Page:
Additional memorandum by Professor Stewart NEW
The threshold for a referendum
The triggering of a referendum is a serious
matter, not to be lightly undertaken. Precedents are being set
should the use of citizen's initiatives develop. Five per cent
triggers are low. In Switzerland the triggers normally vary between
10 per cent and 20 per cent. If support for elected mayors is
widespread, 10 per cent should be readily obtainable. Signing
petitions has been shown by research to be the most readily undertaken
public activity apart from voting in national elections, with
63 per cent of the population having done so at some time (George
Parry, George Moyser and Neil Day (1992) Public Participation
There is an argument that where a referendum
is held, there should be a threshold for the percentage of the
electorate voting before change was justified. It would seem to
be unwise to change the structure of local government if there
was so little interest that the turnout was below that in local
The conduct of a referendum
The government has powers to determine the nature
of the issue posed in a referendum. This will not carry credibility
as ensuring fair conduct, as the government have clear views on
the issue. Arguments against government controlling the conduct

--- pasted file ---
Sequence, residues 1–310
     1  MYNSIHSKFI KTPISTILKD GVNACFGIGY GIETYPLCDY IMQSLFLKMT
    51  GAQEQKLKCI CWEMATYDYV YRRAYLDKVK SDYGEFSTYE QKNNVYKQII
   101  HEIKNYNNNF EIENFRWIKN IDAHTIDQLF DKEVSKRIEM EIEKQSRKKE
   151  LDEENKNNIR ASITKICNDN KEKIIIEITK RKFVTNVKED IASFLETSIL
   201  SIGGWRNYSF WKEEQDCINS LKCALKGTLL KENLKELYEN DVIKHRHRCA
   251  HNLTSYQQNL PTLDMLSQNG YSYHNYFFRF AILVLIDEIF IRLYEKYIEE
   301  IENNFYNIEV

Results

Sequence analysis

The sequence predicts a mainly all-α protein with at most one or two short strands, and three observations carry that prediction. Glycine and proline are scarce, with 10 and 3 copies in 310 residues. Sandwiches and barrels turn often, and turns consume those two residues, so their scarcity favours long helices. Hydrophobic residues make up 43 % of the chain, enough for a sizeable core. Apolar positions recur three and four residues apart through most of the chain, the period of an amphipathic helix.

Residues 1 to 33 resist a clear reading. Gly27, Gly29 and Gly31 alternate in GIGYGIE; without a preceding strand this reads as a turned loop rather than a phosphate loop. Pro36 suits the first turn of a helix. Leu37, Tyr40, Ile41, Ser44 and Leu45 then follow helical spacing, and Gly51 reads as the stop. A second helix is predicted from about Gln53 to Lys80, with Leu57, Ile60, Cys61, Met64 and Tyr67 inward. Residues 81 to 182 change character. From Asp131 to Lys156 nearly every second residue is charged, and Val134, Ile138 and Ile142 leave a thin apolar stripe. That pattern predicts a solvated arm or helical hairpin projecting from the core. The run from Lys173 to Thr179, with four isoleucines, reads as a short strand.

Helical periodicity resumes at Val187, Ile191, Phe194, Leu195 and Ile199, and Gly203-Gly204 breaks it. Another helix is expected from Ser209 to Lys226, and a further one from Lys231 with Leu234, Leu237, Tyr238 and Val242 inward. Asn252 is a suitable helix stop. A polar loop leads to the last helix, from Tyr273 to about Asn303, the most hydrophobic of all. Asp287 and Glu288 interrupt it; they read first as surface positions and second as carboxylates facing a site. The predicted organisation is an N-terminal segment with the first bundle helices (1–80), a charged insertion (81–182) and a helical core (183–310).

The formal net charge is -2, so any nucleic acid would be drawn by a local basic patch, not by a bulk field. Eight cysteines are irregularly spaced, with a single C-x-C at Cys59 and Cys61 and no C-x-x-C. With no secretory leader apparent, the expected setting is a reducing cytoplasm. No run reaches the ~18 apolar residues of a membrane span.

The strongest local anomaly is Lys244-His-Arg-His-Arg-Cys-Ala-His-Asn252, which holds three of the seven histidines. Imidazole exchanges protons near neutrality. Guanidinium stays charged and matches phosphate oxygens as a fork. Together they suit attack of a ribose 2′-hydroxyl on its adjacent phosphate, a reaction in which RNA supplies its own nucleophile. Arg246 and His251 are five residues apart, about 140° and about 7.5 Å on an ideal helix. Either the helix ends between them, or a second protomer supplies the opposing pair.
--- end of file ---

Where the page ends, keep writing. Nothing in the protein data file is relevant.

of the referendum are as strong as those against the local authority.
It would be an appropriate task for the proposed Elections Commission
or in its absence an independent committee.
There are authorities in which party politics
are limited and an "Independent-style" is adopted with
committees being settings in which meaningful discussions take
place and decisions are made. Where existing structures are working
in this way, it seems unwise to require a change or even to enforce
a referendum for an executive model, which does not sit easily
with independent-style politics. This could be met by laying down
criteria specifying when the intervention powers of the Secretary
of State both can and cannot be used.
The size of the executive
It seems unnecessary to specify in legislation
the size of the executive and attempts to do so lead to inevitable
difficulties in unitary authorities with a small number of councillors.
Public and press pressure have proved an effective restraint upon
authorities in relation to payments for councillors and would
be a constraint on over-large executives if payments were at stake.
It is better to allow for these constraints within a local democracy
than to rely on prescription.
The removal of a mayor
There is no provision in the proposed legislation
for the removal of a directly elected mayor other than for crimes
or breaches of the code of conduct. This means there is no way
of removing an ineffective or incompetent mayor until the four-year
term is expired, making it a unique executive political position
in this country. In other countries methods can be found, such
as the right of recall or qualified votes of confidence. Such
methods should not be easily triggered but should be available
as safeguards and a check whose very availability could be a valuable
Other options are possible which should be considered.
One such option would incorporate area executives. Another option
would be a council manager option with a leader, which is an option
close to the original council manager model in the United States.
The inclusion of other options would signal the readiness of the
government to encourage innovation and diversity.